Was this relationship between Putin and the community brought about by Rabbi Lazar?
"I think by God," he replied. "I'm not sure. Anybody else would have done the same. I happened to be in the right place at the right time."
Two weeks ago, during a meeting, the Chief Rabbi of Holland lamented the fact that his community felt threatened by antisemitism and attacks on shechita and circumcision because the Dutch government was not responding positively.
Putin responded strongly away from the cameras, insisting that the only reason the Jewish community had survived for so long and was so ancient was due to tradition, the synagogue, Jewish customs and keeping certain rituals.
Putin told Rabbi Lazar that it was due to the rabbis, brit milah and shechita. These were what had kept Jews together over the years.
He said, recalled Rabbi Lazar: "If you disallow this now you are actually bringing a new Holocaust. You will destroy the Jewish community by taking away what the nation is based on.
"This is the foundation of the Jewish people. I think this was a strong message. He said in Russia every custom the Jewish people have should be kept."
Why does Russia have two chief rabbis?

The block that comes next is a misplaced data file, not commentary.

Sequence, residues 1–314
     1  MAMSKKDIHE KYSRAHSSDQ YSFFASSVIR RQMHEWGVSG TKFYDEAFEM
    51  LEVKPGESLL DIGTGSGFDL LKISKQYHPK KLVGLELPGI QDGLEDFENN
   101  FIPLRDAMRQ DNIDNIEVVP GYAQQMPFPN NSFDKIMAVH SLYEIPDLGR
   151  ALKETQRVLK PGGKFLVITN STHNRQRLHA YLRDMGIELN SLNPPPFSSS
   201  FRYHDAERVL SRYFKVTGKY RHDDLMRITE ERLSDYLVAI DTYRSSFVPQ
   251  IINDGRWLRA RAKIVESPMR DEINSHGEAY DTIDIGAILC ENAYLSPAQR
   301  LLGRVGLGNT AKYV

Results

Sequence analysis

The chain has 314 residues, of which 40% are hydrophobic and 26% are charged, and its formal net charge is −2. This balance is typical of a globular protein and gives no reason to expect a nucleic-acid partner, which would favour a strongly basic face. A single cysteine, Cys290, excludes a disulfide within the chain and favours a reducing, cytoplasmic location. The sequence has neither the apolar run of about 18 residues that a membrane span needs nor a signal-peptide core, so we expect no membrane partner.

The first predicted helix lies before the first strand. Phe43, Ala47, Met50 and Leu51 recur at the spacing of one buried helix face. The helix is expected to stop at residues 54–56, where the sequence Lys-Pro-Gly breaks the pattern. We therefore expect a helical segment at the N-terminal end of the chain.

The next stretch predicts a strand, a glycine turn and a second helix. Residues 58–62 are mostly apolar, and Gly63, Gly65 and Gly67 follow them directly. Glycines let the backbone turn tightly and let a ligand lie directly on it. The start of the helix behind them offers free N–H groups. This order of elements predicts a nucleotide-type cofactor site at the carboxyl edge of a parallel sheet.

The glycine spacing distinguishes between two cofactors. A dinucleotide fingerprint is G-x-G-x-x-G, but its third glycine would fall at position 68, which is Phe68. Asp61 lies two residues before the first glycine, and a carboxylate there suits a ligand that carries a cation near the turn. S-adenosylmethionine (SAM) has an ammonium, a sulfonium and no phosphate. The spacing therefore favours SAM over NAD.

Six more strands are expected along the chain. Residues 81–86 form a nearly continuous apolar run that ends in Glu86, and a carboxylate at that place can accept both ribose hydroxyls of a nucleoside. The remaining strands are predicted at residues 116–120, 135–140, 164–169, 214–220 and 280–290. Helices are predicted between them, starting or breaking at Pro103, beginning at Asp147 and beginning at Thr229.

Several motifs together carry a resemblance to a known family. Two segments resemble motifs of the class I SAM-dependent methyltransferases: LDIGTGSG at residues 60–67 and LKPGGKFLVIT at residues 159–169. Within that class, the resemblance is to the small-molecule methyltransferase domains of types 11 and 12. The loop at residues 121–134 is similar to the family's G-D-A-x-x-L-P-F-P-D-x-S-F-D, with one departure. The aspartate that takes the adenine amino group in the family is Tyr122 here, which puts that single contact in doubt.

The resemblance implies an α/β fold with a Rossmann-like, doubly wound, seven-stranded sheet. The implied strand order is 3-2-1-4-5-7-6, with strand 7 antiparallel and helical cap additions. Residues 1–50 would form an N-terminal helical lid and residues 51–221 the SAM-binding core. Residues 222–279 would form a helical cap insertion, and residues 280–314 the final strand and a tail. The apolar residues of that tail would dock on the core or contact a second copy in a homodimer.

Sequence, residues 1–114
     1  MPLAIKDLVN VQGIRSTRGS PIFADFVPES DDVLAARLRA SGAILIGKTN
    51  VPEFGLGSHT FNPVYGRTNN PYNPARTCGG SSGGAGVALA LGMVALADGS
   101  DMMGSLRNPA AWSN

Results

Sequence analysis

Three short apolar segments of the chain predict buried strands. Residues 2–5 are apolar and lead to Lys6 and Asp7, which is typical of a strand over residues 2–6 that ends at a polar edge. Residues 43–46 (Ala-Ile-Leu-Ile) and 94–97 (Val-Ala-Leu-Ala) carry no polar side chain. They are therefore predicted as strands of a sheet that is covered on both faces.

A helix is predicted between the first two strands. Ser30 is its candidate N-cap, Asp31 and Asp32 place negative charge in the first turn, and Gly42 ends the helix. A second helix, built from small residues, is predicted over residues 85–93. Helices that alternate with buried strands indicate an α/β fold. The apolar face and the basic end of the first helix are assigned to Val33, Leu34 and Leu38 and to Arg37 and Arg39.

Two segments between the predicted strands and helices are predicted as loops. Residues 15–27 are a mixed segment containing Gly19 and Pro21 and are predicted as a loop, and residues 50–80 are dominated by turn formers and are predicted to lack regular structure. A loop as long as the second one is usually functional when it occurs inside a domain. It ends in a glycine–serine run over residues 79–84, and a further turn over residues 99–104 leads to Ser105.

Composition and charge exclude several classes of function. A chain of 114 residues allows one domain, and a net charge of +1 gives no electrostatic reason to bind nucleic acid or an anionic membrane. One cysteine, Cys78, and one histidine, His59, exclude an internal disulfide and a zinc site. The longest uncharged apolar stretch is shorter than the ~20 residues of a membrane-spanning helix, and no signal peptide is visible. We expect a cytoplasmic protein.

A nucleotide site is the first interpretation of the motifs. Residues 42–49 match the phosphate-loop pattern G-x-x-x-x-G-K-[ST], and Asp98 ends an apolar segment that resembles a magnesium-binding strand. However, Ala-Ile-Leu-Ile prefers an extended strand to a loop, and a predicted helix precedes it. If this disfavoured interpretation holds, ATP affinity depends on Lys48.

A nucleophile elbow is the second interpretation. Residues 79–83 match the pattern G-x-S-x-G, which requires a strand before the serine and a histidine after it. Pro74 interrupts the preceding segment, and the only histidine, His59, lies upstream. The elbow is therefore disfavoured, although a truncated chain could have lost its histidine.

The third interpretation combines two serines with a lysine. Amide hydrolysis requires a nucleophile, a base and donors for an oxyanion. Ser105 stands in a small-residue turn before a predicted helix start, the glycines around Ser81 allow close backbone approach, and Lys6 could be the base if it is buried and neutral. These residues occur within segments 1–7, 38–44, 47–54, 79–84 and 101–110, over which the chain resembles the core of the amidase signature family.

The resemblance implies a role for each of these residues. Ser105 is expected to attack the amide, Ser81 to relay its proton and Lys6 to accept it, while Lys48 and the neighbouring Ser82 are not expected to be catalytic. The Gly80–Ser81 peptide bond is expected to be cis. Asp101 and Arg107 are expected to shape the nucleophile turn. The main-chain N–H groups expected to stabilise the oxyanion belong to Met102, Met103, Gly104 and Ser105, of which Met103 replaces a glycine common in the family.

Rabbi Lazar explained that Rabbi Adolf Shayevich of the Congress of Jewish Religious Organisations was born to an irreligious Soviet family, studied in yeshiva and was appointed by the Soviet Union.
"When the Soviet Union fell apart, the community became more active. Until then rabbis were part of the system," said Rabbi Lazar.
I press him further about their relationship and he ventures that he was asked for three years by various communities in Russia to be Chief Rabbi. Eventually he accepted.
"There was supposed to be an understanding between Shayevich and me about what each would do.
"For different reasons, they made sure this didn't take place. Today we get on."
One suspects that Rabbi Lazar is being diplomatic and that Rabbi Shayevich and his supporters have their own agenda, but the former is keen to move on.
"To tell the truth," he continues, "the title 'chief rabbi' is meaningless. If people in the community feel a connection, you're their rabbi, if they don't, you're not.
"The position of Chief Rabbi here is the voice of the Jewish community, more in the eyes of the non-Jewish community."
Rabbi Lazar has his own hechsher, while his opposite number does not, which seems fairly telling in terms of influence.
All meat is glatt kosher and there are eight supervised restaurants and three stores under his jurisdiction.